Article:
Comments: Amazing. I simply love it. Does the fact that it’s a Port Ellen play a factor? Maybe. But quite simply if I tasted this blind, I would have found it just a delightfully tasty and moorish as I do now. There is a perfect level of peat, earthiness and smoke. It is refined, not over complex and the height of beautifully matured whisky. A solid 93, and easily my favourite whisky of the calendar for me. Well done Franck…as usual.

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Well there we are. 24 whiskies tasted. It was a tough job, but someone had to do it. If you have followed this, then thank you. If you have contributed to this, then an even bigger than you. I think I might take a break for a bit. Not from whisky, but from writing about it. I need to spend more time enjoying it without pen and paper to hand. I’ll be back later next year. Merry Christmas and a Happy New Year to you all.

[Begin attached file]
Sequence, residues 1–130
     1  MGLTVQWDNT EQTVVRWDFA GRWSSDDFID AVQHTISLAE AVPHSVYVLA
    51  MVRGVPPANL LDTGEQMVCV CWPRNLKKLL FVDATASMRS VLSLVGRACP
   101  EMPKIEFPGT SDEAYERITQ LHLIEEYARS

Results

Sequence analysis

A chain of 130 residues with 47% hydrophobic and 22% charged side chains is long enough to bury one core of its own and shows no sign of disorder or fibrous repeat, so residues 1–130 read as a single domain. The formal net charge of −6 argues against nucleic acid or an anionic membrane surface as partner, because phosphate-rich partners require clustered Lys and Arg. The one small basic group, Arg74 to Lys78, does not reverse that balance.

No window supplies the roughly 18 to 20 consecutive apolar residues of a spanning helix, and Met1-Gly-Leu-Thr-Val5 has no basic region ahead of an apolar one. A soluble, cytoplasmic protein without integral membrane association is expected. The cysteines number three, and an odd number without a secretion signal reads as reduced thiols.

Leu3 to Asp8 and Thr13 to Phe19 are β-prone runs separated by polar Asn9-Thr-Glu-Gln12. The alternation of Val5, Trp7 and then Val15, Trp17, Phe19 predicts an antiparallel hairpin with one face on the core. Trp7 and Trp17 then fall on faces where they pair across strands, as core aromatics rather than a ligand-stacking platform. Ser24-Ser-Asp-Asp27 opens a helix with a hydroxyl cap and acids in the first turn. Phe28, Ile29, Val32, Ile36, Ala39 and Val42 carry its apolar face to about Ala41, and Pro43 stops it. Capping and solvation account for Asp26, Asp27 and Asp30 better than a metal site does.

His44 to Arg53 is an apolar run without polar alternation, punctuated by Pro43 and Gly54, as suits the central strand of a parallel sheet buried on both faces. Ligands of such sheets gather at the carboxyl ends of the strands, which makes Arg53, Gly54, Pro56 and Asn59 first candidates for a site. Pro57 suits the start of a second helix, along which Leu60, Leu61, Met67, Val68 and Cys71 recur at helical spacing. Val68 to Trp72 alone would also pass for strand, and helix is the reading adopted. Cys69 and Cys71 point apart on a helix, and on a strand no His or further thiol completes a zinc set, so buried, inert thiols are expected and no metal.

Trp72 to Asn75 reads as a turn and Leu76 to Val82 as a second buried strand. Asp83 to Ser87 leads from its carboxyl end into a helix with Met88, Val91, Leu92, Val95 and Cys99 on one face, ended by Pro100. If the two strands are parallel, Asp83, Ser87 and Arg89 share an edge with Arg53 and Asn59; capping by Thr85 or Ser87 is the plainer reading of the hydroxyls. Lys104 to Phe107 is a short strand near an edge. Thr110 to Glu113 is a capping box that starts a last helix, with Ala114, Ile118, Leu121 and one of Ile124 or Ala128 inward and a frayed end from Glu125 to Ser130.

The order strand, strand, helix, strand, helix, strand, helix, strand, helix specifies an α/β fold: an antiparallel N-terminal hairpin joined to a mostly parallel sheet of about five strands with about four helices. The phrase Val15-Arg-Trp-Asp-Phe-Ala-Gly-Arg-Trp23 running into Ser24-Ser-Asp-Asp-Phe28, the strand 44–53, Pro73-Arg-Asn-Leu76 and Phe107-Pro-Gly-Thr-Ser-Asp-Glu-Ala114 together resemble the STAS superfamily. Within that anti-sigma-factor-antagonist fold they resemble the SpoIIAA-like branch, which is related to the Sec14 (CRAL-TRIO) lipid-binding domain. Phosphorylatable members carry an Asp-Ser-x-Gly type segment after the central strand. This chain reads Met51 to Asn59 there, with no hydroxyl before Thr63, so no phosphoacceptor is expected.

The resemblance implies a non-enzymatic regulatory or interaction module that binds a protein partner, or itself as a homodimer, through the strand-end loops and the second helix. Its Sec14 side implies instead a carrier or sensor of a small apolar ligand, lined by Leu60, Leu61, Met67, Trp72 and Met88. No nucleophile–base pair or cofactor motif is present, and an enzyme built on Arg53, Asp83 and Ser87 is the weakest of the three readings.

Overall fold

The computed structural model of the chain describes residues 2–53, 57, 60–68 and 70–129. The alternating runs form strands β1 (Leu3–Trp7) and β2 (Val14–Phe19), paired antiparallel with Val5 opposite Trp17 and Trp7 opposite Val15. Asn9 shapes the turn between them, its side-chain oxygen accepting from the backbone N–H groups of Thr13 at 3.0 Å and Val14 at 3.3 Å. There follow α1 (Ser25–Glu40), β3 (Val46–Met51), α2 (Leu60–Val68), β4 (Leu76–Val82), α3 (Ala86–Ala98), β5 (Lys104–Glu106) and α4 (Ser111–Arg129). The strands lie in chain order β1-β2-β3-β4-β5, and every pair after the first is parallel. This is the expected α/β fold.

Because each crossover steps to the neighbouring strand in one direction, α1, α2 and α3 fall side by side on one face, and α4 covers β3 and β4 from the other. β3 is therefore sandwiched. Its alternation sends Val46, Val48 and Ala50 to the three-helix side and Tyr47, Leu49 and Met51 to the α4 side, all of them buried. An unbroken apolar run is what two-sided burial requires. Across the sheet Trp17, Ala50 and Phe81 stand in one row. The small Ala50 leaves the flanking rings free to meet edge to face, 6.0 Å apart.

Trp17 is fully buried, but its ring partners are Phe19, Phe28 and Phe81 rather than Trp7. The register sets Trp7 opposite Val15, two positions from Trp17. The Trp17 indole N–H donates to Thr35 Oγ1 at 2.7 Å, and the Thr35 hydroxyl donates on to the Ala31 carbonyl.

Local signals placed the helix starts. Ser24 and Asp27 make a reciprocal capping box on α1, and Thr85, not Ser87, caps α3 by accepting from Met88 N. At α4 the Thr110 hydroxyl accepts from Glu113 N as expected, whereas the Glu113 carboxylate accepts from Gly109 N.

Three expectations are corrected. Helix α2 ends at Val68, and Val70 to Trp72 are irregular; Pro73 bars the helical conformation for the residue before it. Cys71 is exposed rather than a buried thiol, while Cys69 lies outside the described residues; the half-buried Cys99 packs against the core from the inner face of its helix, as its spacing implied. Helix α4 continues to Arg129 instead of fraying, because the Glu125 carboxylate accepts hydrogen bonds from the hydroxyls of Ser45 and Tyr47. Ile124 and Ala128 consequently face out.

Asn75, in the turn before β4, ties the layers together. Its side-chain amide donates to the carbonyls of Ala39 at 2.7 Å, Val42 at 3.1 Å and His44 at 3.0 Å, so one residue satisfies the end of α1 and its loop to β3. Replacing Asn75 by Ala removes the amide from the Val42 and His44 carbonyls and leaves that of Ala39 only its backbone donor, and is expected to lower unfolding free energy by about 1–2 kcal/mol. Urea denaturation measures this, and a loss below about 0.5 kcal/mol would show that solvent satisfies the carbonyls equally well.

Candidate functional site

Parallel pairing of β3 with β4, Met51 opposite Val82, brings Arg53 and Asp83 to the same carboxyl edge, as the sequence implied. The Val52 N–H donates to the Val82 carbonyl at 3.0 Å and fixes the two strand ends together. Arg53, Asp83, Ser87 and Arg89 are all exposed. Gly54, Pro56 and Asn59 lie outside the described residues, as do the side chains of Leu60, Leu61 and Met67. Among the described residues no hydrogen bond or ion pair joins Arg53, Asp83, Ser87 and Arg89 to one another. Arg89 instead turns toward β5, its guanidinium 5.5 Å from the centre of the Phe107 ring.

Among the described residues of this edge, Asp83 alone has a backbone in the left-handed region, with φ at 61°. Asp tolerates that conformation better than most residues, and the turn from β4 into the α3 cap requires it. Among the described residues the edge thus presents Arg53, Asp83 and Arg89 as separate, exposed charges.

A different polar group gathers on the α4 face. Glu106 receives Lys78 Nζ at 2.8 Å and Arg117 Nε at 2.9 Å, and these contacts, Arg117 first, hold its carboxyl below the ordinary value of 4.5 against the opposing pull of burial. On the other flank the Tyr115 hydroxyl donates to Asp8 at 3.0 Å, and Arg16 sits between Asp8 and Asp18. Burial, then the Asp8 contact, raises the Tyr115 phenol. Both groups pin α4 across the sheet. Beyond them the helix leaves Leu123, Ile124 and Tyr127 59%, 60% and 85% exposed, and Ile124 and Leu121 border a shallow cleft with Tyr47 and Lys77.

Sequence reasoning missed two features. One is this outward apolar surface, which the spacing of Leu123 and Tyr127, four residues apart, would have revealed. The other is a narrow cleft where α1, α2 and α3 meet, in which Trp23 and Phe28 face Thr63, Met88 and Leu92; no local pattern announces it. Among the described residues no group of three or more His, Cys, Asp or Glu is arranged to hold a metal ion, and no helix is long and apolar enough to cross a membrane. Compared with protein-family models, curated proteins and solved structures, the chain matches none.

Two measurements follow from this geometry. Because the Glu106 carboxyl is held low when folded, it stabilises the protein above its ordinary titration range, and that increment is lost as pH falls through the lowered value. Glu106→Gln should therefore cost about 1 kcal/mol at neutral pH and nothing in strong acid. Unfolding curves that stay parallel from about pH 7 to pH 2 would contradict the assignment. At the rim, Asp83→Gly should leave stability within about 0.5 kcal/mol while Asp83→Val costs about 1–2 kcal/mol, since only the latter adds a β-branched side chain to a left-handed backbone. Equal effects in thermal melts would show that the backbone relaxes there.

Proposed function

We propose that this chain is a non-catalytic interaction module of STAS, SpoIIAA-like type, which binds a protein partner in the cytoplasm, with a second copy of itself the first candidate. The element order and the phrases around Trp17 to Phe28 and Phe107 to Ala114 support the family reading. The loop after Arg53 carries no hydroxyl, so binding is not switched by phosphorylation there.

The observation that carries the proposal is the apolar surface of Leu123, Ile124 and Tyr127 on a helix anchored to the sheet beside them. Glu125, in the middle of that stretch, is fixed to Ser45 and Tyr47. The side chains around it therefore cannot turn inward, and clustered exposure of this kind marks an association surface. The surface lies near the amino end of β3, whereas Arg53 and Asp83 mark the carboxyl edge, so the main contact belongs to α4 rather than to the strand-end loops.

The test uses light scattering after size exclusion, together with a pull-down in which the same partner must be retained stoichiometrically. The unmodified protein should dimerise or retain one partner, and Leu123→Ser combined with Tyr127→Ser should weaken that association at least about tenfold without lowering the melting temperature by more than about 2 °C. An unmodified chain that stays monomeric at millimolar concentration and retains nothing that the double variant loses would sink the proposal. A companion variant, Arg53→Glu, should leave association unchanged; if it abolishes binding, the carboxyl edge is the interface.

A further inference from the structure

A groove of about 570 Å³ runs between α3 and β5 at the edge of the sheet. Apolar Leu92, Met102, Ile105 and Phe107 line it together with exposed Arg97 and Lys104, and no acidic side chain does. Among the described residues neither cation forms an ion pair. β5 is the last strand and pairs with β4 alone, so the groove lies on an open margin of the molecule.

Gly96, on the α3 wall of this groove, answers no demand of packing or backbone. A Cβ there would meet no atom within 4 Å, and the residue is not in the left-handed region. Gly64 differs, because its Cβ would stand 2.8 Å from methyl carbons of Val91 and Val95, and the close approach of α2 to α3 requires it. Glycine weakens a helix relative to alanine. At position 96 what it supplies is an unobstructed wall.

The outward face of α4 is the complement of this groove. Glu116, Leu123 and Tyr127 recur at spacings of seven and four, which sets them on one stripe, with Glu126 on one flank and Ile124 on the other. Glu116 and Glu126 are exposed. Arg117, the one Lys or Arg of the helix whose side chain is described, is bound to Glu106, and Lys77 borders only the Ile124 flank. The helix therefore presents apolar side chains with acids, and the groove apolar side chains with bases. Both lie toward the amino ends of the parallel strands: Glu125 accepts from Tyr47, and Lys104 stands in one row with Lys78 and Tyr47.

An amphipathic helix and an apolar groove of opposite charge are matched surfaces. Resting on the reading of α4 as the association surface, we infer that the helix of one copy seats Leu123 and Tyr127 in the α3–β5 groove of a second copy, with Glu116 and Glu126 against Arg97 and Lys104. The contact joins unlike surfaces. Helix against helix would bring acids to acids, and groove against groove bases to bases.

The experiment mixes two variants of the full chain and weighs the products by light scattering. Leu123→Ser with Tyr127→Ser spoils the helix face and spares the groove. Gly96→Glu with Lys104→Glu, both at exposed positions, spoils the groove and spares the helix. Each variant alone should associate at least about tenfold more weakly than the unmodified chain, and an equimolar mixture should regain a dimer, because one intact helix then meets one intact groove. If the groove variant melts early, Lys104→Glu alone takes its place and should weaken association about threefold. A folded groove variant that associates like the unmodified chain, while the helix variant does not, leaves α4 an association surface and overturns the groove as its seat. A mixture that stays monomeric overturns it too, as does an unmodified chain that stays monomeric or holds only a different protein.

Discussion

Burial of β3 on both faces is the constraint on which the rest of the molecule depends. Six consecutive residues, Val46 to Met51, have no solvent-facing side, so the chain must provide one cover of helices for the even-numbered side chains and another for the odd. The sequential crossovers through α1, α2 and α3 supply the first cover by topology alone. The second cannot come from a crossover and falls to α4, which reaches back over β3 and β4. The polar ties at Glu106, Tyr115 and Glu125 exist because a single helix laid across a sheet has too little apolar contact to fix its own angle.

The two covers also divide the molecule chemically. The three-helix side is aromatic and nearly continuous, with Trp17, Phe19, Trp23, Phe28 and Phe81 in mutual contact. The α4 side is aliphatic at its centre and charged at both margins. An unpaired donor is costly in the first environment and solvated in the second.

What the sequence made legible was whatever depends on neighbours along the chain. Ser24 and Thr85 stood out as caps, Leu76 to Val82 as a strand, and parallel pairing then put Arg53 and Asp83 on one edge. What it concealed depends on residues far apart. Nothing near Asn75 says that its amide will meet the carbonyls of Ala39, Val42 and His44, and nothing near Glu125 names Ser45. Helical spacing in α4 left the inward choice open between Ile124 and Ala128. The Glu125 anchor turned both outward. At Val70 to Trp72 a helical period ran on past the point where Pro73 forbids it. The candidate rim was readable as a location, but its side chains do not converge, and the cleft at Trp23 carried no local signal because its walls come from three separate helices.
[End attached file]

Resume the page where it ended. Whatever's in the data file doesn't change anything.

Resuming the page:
Matt

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Springbank 28yo (1974) : Day 23 #Whiskyfabric Advent Calendar

Having visited Springbank distillery in the summer of 2014, I have come to love more and more of their special liquid. What’s even more fascinating though is the whisky produced in their stills back in the 70’s and 80’s. Even now, Springbank feels like a traditional distillery. By that I mean, everything there seems classic, aged and how it would have been done 30, 40 or 50 years ago. They are a friendly bunch and they are without a doubt up their as one of the strongest distilleries (you very rarely get a week whisky… let along a NAS!). So when I was offered a sample of this 28yo Springbank from Phil Storry, I was intrigued to see what it offered.